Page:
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Late diagnosis of diabetes

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Healthcare professionals often failed to identify clinical signs of diabetes in pre-school children, leading to late diagnosis, research has found.

A study by researchers at University Hospital Southampton and Oxford Children's hospital, published in Archives of Disease in Childhood, found that healthcare workers failed to identify two thirds of cases of diabetic ketoacidosis (DKA), a condition, which causes the body to break down fat due to a lack of insulin. It is estimated that nearly a quarter of children with type 1 diabetes will develop DKA, with children under two years most at risk. The study of 261 children with type 1 diabetes found that two thirds of those under two years and a third of children between five and ten years old, had had multiple contacts with professionals before being diagnosed.

Diabetes UK has launched a campaign to raise awareness among primary care health professionals of diabetes and DKA in young children. The initiative focuses on the 'four Ts' [tired, toilet, thinner and thirsty], key symptoms of diabetes in young children. Libby Dowling, clinical advisor at Diabetes UK said: 'It is vital that primary care nurses and GPs are aware of diabetes in children. Thirty five per cent of cases in those under five years old are not diagnosed until they present with DKA, which can make a child extremely unwell. It is essential that if a child presents with any of the 'four Ts', a finger prick blood test should be performed immediately.'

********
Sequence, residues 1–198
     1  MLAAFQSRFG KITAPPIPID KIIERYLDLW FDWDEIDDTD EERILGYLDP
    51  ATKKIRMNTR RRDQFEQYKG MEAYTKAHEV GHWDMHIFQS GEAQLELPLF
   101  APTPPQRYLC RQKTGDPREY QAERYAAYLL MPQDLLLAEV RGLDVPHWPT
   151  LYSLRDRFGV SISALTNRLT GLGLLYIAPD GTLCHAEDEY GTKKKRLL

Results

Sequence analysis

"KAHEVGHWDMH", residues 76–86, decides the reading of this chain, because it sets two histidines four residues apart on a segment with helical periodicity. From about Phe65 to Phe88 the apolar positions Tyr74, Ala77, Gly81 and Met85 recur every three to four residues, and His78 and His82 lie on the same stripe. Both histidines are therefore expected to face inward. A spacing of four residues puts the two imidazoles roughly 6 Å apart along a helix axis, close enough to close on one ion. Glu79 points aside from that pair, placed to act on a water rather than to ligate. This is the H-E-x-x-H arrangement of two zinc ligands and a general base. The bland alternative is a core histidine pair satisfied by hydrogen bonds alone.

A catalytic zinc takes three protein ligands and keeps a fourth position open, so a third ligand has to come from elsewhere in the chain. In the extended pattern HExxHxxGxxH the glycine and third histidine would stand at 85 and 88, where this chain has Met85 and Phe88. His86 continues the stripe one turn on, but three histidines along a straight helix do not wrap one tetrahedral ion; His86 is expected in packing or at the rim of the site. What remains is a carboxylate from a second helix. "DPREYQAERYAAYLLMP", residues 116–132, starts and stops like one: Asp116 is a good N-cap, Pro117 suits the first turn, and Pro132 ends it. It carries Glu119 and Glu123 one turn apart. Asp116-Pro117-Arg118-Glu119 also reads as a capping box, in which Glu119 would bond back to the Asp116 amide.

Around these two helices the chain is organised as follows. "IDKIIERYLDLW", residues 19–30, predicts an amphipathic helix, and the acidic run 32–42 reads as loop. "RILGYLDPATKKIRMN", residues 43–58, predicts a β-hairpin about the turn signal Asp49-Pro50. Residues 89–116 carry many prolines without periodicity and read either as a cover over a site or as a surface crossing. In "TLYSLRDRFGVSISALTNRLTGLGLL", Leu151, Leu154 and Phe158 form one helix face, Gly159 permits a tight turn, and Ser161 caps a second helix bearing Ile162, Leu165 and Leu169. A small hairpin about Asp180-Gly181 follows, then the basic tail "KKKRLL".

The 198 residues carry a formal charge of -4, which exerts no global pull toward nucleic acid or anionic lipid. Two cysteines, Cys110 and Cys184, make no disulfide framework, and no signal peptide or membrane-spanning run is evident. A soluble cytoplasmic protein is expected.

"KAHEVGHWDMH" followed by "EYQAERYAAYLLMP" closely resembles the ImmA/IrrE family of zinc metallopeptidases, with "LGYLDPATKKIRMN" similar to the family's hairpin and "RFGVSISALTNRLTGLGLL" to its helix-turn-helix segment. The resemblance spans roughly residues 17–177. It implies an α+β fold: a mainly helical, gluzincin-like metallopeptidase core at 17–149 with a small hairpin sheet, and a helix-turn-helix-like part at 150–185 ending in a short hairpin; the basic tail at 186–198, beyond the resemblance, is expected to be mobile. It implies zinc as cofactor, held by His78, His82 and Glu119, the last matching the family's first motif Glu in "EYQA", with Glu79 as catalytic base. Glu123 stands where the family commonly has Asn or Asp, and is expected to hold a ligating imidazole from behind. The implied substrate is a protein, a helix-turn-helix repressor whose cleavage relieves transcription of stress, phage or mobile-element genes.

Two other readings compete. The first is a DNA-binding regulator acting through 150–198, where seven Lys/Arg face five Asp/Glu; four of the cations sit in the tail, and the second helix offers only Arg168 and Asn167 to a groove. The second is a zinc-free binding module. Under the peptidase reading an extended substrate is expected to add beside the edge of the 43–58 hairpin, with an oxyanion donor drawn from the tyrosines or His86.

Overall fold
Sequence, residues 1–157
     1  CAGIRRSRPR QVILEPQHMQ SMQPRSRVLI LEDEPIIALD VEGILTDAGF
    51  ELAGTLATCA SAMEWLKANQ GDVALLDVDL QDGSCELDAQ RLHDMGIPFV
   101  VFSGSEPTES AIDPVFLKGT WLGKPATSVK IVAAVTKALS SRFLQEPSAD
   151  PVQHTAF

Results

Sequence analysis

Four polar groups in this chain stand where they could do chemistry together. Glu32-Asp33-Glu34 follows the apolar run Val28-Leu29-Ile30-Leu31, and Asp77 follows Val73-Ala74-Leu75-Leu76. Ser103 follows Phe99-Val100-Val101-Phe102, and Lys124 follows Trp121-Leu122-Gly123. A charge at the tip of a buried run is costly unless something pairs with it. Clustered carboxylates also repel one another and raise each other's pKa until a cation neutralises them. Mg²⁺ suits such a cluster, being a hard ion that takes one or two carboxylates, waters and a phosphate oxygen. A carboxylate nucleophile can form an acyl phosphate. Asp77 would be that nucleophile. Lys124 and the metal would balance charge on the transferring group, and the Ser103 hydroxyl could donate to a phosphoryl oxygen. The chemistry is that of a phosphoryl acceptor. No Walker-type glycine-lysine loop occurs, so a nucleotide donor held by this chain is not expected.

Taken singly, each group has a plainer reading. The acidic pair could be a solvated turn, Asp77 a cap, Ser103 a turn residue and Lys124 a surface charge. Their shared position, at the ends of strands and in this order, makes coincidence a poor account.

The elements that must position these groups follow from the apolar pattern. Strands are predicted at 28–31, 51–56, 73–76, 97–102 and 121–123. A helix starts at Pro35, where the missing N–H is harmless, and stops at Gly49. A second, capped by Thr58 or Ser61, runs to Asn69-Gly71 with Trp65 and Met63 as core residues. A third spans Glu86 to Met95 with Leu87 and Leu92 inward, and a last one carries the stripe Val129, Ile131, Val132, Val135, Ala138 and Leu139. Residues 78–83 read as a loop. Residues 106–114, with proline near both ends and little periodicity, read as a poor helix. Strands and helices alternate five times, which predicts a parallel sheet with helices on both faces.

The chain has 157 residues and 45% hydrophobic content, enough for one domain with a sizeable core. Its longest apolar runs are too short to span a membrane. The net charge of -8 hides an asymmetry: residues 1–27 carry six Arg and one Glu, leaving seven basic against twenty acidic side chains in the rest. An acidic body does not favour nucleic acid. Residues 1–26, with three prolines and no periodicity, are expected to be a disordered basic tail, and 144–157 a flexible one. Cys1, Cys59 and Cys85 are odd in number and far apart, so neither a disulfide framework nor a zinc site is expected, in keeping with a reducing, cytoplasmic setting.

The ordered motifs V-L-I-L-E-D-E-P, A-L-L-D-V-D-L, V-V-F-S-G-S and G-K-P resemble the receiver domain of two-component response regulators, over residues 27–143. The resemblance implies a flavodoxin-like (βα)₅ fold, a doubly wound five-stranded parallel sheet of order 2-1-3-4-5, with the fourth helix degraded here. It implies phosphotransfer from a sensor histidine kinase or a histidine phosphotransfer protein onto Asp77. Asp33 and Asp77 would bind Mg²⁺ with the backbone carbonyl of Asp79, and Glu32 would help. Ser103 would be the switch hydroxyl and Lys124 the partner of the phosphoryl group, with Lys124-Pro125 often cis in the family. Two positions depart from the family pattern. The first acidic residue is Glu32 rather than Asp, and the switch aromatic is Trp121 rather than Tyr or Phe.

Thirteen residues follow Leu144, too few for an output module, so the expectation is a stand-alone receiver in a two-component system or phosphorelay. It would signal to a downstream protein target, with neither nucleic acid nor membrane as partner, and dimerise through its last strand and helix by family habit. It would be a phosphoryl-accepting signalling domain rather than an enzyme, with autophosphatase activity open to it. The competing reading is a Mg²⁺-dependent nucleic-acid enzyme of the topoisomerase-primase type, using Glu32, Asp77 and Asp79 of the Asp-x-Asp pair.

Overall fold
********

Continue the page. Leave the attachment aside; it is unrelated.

Diabetes costs the NHS approximately £10 billion to treat each year, nearly 10 per cent of its entire budget. A recent report by Diabetes UK predicted that this cost could rise by 70 per cent in the next two decades.

For more information about the campaign, the 'four T's' and resources for healthcare professionals visit, NHS Funding

Changes needed to avoid financial crisis

The NHS needs to improve frontline efficiency and alter inefficient clinical practice to avoid a 'financial crisis,' according to a new report from The King's Fund.

The report warns that holding down salaries, cutting management costs and reducing hospital costs have little more to offer, and that a financial crisis is inevitable in 2015/16, unless there are major improvements in efficiency and an increase in funding. It warns that such a crisis would have a significant, detrimental effect on patient care in the NHS. Current projections predict that the NHS budget will fall to six per cent of GDP by 2021, the lowest level since 2003.

Using research carried out in six NHS trusts, the report identifies four areas crucial for the overall improvement of efficiency in the NHS.

For the full report, visit

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